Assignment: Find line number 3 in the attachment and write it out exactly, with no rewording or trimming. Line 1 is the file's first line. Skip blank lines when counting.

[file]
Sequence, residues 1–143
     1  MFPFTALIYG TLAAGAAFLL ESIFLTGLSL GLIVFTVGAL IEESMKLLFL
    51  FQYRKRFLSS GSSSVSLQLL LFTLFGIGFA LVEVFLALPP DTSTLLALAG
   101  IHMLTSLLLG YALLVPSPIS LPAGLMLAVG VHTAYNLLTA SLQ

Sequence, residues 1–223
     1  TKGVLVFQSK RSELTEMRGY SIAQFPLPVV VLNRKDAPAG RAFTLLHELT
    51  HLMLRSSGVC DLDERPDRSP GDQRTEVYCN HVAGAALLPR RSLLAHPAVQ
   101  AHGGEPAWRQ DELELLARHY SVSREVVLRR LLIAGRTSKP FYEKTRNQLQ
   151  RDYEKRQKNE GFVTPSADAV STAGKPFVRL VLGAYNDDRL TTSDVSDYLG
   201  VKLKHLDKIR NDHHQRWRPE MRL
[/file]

    51  FQYRKRFLSS GSSSVSLQLL LFTLFGIGFA LVEVFLALPP DTSTLLALAG